IN "BRIGHT LEAVES," filmmaker Ross McElwee takes a mental ramble through a seeming maze of topics, including the tobacco leaves of North Carolina, a Gary Cooper movie from the 1950s, the actress Patricia Neal and McElwee's ever-evolving relationship with his son. But his apparent digressions magically converge into a single footpath of emotional significance.
As with his other superb personal documentaries, "Sherman's March," made in 1986, and the 1994 "Time Indefinite," we are hooked into a low-tech but compelling dynamic -- between relatively static images and McElwee's sensitive, connective narrative.
Ross McElwee examines his family's roots in tobacco, his relationship with his son and a Gary Cooper movie in "Bright Leaves."
(Adrian Mcelwee -- First Run Features)
His films are in the same wide spectrum as Michael Moore's; all of them are, in a sense, about the love between a man and his voice-over. But where Moore's work is polemically provocative, McElwee's is contemplative, fatalistic and, somehow, existentially satisfying. He makes deceptively profound commentary about everything that passes in front of his camera. That camera, incidentally, is like an extension of his sensibility, the eye to his soft-spoken wonderment. Without it -- or so it would seem -- McElwee is voiceless, unable to express himself.
We find ourselves in North Carolina, for one, because it's where McElwee grew up. For another, this is where McElwee's great-grandfather, John Harvey McElwee, lost a tobacco-growing fortune to James Buchanan Duke, who seems to have filched his formula for Durham Bull Smoking Tobacco. John's unsuccessful attempts for legal satisfaction left him penniless. Duke became a cigarette magnate, helped establish Duke University and became a capitalistic icon of the region.
"Bright Leaves" doesn't pander in petty bitterness. McElwee simply notes the rippling of ironies that have resulted ever since. Duke University, he says with mock-wistfulness, could have been McElwee University. And the McElwees turned out a steady stream of doctors who, as the director wryly notes, treated the cancer victims of Duke's tobacco products. Which is where the Gary Cooper movie comes in.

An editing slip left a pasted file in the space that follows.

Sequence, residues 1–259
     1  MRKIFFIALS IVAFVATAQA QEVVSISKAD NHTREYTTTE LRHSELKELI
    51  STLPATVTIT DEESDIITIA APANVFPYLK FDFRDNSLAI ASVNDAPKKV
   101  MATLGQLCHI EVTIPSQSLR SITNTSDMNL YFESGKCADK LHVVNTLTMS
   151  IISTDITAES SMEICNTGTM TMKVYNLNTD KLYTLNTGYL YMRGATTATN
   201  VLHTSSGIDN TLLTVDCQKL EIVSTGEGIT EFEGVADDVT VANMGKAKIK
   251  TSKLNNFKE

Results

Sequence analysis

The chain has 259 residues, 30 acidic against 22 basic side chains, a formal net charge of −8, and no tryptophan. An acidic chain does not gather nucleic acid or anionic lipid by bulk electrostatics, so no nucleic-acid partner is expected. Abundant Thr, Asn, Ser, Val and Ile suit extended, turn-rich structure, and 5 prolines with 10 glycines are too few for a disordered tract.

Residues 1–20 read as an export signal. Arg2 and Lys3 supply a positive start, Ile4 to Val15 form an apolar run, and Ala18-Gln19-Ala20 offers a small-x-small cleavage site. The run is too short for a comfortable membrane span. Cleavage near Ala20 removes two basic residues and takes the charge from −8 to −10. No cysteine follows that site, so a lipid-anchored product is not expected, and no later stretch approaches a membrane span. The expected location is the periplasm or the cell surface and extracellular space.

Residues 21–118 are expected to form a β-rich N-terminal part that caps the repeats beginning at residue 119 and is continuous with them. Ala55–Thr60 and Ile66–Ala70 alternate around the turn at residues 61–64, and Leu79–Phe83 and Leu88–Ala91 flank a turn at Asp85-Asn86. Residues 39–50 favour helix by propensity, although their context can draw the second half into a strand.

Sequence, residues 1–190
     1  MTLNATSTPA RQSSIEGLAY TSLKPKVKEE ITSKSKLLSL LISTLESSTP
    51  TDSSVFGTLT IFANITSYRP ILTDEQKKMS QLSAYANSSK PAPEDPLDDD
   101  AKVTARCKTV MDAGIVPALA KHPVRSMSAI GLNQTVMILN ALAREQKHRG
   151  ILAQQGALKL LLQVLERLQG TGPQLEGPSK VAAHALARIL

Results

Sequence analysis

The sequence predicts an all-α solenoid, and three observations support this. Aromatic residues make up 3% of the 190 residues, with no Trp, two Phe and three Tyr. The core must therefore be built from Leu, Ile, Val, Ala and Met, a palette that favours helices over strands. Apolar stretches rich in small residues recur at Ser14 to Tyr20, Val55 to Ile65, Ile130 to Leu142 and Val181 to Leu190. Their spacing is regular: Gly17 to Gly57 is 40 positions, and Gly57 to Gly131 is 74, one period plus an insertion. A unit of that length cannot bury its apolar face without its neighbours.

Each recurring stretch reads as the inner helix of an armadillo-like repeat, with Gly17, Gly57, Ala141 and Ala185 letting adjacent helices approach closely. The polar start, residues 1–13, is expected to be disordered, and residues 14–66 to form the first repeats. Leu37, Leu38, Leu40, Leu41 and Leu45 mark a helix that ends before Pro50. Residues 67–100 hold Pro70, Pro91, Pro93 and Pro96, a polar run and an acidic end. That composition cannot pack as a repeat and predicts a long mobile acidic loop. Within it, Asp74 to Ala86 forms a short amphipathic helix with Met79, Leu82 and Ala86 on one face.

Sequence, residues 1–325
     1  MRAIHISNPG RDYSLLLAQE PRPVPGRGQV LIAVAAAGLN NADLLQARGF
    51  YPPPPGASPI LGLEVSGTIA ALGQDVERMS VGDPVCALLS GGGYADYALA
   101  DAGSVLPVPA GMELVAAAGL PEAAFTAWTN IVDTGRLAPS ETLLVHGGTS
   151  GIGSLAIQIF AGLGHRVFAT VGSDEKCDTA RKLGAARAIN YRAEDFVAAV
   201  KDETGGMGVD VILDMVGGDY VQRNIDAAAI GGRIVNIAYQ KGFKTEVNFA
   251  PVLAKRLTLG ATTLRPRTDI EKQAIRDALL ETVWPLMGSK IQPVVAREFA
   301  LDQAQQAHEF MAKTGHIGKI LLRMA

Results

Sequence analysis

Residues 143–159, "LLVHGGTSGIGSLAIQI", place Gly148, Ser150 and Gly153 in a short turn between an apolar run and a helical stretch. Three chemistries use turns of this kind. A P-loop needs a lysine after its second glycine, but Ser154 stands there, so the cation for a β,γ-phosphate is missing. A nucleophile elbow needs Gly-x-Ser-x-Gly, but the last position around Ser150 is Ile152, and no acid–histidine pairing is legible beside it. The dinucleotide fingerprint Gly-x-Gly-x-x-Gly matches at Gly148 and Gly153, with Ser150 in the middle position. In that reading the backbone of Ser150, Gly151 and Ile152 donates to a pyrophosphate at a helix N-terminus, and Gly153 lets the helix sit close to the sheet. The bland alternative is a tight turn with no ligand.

When McElwee's film-buff cousin tells the filmmaker he believes the 1950 melodrama "Bright Leaf," starring Cooper as a tobacco pioneer cheated out of a fortune, might be based on the experiences of John McElwee, a mission begins.
In "Sherman's March," McElwee was ostensibly retracing Sherman's brutal military route but was really following the filmmaker's history of romantic disasters in the region. Similarly, in "Bright Leaves," McElwee chases down this "Bright Leaf" possibility but ends up making other fascinating discoveries along the way.
Those discoveries include a meeting with Neal, a co-star in "Bright Leaf," who had an affair with Cooper during the filming; a reunion with Charleen Swansea, a regular friend and "character" in McElwee's films; and a bizarre encounter with film theorist Vlada Petric, who insists on wheeling McElwee around in a wheelchair so he'll have a more "kinesthetic" image.
McElwee also reexamines his personal relationships over time and beyond the grave. His connection with his late father, now only available to him in home movie footage, seems to be changing, for instance. It's as if his father is turning fictional. And then there's McElwee's legacy: How will his son Adrian turn out? Will he appreciate these captured moments in a lifelong career? McElwee loves to revel in intergenerational mystique, the stories between fathers and sons and grandfathers and great-grandsons, and so on. And he freely acknowledges that, like the many Carolinians who have lived, thrived or died because of smoking, he, too, has an addiction: that camera and his constant search for new meaning in his life.
BRIGHT LEAVES (Unrated, 107 minutes) -- Contains nothing objectionable except thematic material about lung cancer. At Landmark's E Street Cinema.